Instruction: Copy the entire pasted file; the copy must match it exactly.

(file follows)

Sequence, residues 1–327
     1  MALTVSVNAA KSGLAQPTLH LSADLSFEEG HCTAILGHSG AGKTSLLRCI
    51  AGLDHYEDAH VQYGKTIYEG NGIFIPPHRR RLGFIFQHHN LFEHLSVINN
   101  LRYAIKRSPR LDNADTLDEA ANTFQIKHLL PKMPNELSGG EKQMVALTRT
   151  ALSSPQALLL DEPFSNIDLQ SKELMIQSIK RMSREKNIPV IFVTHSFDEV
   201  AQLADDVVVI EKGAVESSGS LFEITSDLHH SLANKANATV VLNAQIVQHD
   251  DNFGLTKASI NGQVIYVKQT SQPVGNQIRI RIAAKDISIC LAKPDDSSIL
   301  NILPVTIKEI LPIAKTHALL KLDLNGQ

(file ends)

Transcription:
Sequence, residues 1–327
     1  MALTVSVNAA KSGLAQPTLH LSADLSFEEG HCTAILGHSG AGKTSLLRCI
    51  AGLDHYEDAH VQYGKTIYEG NGIFIPPHRR RLGFIFQHHN LFEHLSVINN
   101  LRYAIKRSPR LDNADTLDEA ANTFQIKHLL PKMPNELSGG EKQMVALTRT
   151  ALSSPQALLL DEPFSNIDLQ SKELMIQSIK RMSREKNIPV IFVTHSFDEV
   201  AQLADDVVVI EKGAVESSGS LFEITSDLHH SLANKANATV VLNAQIVQHD
   251  DNFGLTKASI NGQVIYVKQT SQPVGNQIRI RIAAKDISIC LAKPDDSSIL
   301  NILPVTIKEI LPIAKTHALL KLDLNGQ